Princes of the Church
Bishops and their Palaces
- ISBN: 9781138714946
- Published By: Routledge
- Published: May 2017
Pre-modern bishops were princes not quite of this world. They lived in aristocratic milieu, but their distinctive spiritual, administrative, and intellectual activities set their residences and domestic environments apart from those of their secular counterparts. Princes of the Church: Bishops and their Palaces is a collection of twenty-four essays—the fruits of a conference held at Bishop Auckland Castle in 2015—in which the interplay between similarities and differences is explored richly, and from many viewpoints. Palatial domestic buildings are the starting-points for investigating their wider contexts: political, for projecting power; domestic, as settings for households of a special kind; intellectual, as vehicles for theological and iconographic display; and topographical, as the foci of cities, rural communities, and landscapes of recreation. All but four of the contributions are on English, Scottish, and Welsh themes, but the collection is not insular: rather, English palaces (pre-eminently Auckland) serve as case studies to illuminate Western European patterns.
Why does a bishop live in a “palace”? In late antiquity, episcopal residences were already becoming distinguished by imperial attributes, notably the aula palatina (Jaqueline P. Sturm); in Italy, after 1200, the new competition of communal palazzi incentivized bishops to keep up appearances (Maureen C. Miller). In England, these influences merged with the old tradition of hall-centered aristocratic life to produce an exceptionally lavish group of late Romanesque and Gothic episcopal halls. Hugh de Le Puiset’s magnificent hall at Auckland, with its marble shafting, illustrates the rich but elegant transitional idiom of the 1190s (Malcolm Thurlby). During the century after 1250, palaces were augmented with sumptuous ancillary buildings like the gatehouse at Exeter (Richard Parker), and larger, more luxurious chamber-blocks. The extraordinary arcaded parapets at St. Davids, added by Henry de Gower (d. 1347), gave the building a unique skyline, and embodied both theological and courtly imagery (Rick Turner): another illustration that in spanning the two worlds, medieval bishops were always distinctive. So were their early modern successors, like John Cosin of Durham (d. 1672) whose lavish and idiosyncratic architectural enthusiasm left its mark on every building he touched, not least Puiset’s hall at Auckland, which he remodeled as a chapel (Adrian Green).
In their parks, forests, and chases, English bishops hunted like noblemen and competed with their secular equals: the deer-hunting culture was a vehicle for great men to honor or shame each other in ways that crossed the lay/ clerical divide. Yet again, there were distinctive overtones: Andrew G. Miller argues here that attacks on a bishop’s deer undermined his masculinity—potentially ambiguous in a celibate cleric. At times, episcopal status-posturing verged on the bizarre. Shute Barrington of Durham (d. 1826) was a philanthropist and anti-slavery campaigner, yet he used his privileges to raise a private army against striking miners, and refashioned his state apartments at Auckland to create a quasi-regal throne-room. By contrast, his less combative colleague Richard Hurd of Worcester (d. 1808) put his efforts into building a splendid academic library: a unique survival now, but perhaps not so exceptional at the time.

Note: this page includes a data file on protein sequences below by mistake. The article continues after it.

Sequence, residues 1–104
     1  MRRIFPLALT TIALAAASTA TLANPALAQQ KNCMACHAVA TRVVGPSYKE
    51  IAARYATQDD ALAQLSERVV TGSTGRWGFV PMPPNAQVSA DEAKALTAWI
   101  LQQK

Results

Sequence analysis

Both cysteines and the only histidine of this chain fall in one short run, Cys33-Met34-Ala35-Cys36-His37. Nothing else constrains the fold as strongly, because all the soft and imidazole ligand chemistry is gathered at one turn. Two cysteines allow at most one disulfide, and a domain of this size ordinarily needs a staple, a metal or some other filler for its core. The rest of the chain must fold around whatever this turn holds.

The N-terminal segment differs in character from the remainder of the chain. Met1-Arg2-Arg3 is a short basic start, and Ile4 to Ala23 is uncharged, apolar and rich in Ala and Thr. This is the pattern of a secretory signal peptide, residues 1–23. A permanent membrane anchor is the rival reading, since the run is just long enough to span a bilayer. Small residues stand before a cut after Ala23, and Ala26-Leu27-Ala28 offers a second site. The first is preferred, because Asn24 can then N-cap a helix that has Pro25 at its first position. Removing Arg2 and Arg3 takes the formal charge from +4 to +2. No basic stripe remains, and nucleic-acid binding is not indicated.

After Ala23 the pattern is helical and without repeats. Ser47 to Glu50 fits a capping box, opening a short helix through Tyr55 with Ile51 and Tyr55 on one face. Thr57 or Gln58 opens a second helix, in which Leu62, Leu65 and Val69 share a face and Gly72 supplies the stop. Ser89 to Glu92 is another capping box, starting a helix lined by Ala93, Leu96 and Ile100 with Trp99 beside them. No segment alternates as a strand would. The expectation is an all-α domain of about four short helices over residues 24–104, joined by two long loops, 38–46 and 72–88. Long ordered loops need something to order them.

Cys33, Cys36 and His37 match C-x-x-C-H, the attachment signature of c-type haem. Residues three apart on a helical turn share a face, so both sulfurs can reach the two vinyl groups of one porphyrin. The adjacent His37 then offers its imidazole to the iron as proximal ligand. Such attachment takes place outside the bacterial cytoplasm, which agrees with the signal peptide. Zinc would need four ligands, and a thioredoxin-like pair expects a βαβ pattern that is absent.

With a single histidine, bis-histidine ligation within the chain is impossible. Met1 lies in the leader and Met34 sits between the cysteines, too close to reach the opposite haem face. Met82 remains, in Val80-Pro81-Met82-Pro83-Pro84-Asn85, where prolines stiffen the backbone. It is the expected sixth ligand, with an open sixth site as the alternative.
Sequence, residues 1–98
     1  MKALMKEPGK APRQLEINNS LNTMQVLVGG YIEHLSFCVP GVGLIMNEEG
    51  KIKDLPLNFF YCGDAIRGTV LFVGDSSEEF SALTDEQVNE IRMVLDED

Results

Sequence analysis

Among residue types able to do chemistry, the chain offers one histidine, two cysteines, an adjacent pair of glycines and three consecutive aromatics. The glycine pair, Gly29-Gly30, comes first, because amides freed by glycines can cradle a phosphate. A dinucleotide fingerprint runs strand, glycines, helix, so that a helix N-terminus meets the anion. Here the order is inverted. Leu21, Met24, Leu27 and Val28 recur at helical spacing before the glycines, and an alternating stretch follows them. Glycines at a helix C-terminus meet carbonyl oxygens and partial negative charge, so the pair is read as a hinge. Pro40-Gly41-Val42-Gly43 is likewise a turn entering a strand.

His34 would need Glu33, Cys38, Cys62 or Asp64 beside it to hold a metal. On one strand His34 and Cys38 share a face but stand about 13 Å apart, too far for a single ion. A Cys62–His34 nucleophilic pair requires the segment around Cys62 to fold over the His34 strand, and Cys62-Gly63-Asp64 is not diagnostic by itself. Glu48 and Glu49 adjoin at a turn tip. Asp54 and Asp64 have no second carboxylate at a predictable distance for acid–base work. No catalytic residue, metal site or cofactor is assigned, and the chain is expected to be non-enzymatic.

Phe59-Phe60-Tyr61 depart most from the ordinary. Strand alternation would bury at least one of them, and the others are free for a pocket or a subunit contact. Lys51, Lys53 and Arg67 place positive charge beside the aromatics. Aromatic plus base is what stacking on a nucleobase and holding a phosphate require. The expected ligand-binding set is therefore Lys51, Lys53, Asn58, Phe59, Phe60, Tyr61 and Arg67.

Yet bishops were also busy administrators, whose routines and itineraries are exceptionally well documented. These documents show, for instance, that English medieval bishops primarily interacted with their own clerics in their chambers—often the richest and most opulent rooms in their palaces—but conducted other business in the more public setting of their halls (Michael Burger). Another conspicuous feature of the bishops in high medieval England was the possession of several different residences, widely distributed for purposes of diocesan administration, politics, recreation, or attendance on the monarch. This pattern mirrored the itinerant lifestyles of kings and nobles, which it also tracked in a growing concentration on major residences, and abandonment of the others, during the late middle ages: Winchester, for instance, had twenty-three separate residences c. 1300, reduced to twelve by c. 1450 (John Hare). After 1700, palaces increasingly replicated the sedentary comforts of the greater country houses. Catherine Talbot, a member of the Bishop of Oxford’s household in the 1740s, led “a mere domestic life,” but with differences: visitors were varied and interesting, diocesan administration and Church politics were transacted just out of earshot, and Talbot had special social responsibilities to maintain her host’s public standing (Michael Ashby).
The editing and presentation of this volume are excellent—with the exception of the murky black-and-white photographs. Chapters are grouped into four sections, with results that are superficially idiosyncratic—the six chapters on Bishop Auckland appear in three sections in reverse chronological order—but are actually very effective in linking themes and associating ideas. The reader reverts to the same buildings in different contexts, and the interplay between thematic and topographically-specific strands is stimulating and original. Editor David Rollason and his team are to be congratulated on a major contribution towards the mature understanding of historic buildings in their social and intellectual contexts. So too is Jonathan Ruffer, the munificent rescuer and benefactor of Bishop Auckland, to whom Princes of the Church is appropriately dedicated.
John Blair is Professor of Medieval History and Archaeology at the University of Oxford.John BlairDate Of Review:September 18, 2019